Give Everyone an “A” and No One Gets Hurt

My second year of teaching as a graduate student, I had a student march to the front of the room after I returned their first essay of the semester. “You can’t,” he said with a barely masked measure of contempt in his voice, “give me this grade.” He held the essay toward my chest and lightly shook the paper. “I’ve never made a C in my life. My high school English teacher read this before I turned it in and she thought it was as good as anything I’ve written before.”

At the time, I was still full of idealistic good will. I offered to reconsider the grade. Perhaps, I told him, I read your essay late at night and missed some of the finer nuances of your style. I imagined that I was defusing the situation and also reinforcing the idea that the class was a place to share ideas, reconsider our initial thoughts, and recognize rhetoric was, in fact, a potential area of confusion and mis-communication.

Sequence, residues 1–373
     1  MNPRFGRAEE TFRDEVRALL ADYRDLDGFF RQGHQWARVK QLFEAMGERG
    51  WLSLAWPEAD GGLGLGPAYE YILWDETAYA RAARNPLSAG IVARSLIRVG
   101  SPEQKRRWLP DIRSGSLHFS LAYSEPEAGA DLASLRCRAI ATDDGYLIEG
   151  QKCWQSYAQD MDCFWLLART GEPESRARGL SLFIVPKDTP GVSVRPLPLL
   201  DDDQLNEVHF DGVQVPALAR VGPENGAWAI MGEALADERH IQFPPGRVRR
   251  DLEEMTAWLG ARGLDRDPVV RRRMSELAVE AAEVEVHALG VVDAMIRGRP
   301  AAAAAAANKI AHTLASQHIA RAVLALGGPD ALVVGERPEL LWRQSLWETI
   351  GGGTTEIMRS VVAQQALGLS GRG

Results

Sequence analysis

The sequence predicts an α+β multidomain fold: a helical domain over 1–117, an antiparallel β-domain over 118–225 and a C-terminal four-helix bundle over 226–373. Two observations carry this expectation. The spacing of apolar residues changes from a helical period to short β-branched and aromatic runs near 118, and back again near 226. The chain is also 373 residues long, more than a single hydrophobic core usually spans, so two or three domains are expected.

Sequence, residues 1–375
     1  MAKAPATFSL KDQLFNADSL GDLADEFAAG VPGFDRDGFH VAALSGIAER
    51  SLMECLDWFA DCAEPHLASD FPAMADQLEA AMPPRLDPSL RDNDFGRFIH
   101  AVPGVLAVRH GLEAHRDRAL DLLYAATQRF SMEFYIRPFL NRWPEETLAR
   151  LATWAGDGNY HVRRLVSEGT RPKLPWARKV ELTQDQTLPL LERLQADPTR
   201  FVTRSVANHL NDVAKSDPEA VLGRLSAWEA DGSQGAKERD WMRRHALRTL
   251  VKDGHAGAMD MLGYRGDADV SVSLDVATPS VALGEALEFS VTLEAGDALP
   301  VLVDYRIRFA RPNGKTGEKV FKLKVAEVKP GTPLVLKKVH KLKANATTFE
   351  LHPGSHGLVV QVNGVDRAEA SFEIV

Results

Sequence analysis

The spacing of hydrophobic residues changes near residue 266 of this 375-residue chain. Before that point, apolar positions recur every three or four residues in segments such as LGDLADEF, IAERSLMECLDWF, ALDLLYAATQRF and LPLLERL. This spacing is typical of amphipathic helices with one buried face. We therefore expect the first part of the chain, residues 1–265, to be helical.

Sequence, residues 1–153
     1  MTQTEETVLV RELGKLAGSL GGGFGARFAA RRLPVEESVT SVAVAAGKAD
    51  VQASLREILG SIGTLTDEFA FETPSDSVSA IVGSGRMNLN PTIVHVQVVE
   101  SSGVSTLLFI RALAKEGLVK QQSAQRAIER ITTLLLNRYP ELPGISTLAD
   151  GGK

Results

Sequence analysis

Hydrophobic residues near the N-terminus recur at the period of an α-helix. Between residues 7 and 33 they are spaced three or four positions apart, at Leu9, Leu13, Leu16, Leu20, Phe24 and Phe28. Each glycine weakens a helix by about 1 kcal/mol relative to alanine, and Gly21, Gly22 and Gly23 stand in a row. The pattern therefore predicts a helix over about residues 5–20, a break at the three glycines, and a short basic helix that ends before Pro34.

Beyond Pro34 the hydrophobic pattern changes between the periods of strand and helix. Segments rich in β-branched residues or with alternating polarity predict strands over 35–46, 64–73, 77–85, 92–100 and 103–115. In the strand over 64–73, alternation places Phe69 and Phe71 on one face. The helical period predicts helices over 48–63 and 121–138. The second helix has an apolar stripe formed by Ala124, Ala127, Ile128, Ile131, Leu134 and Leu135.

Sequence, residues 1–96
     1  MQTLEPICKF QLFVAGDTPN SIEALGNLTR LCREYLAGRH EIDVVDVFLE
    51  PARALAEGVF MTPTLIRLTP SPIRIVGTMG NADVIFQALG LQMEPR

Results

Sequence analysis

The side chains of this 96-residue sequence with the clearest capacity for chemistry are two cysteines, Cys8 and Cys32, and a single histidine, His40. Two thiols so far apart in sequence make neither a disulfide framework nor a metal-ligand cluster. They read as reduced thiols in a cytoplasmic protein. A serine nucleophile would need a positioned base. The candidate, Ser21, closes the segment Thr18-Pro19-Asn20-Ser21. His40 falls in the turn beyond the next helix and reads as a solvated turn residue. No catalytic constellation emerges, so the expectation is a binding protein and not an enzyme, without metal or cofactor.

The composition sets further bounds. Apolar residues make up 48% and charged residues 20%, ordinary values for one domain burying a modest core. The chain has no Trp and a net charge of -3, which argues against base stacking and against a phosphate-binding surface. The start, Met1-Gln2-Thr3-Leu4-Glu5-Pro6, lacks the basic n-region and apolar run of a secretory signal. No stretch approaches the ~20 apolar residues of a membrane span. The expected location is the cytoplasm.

Thank god I outgrew such naivete. Twenty-something years later, my first comment when a student accuses me of giving him a grade is to talk about the difference between earning grades and receiving them.

I did not, all those years ago, change the student’s grade. After re-reading the paper, I quickly realized that any areas of confusion and mis-communication were a direct result of the mish-mash of words and ideas he typed on the page. I also had strong doubts about either his high school English teacher’s competence or his honesty regarding her response to his essay.

The student complained to my supervisor, his mother called my office and the department chair, and, all in all, I spent more time on that one paper than I spent grading every other essay that semester. Combined.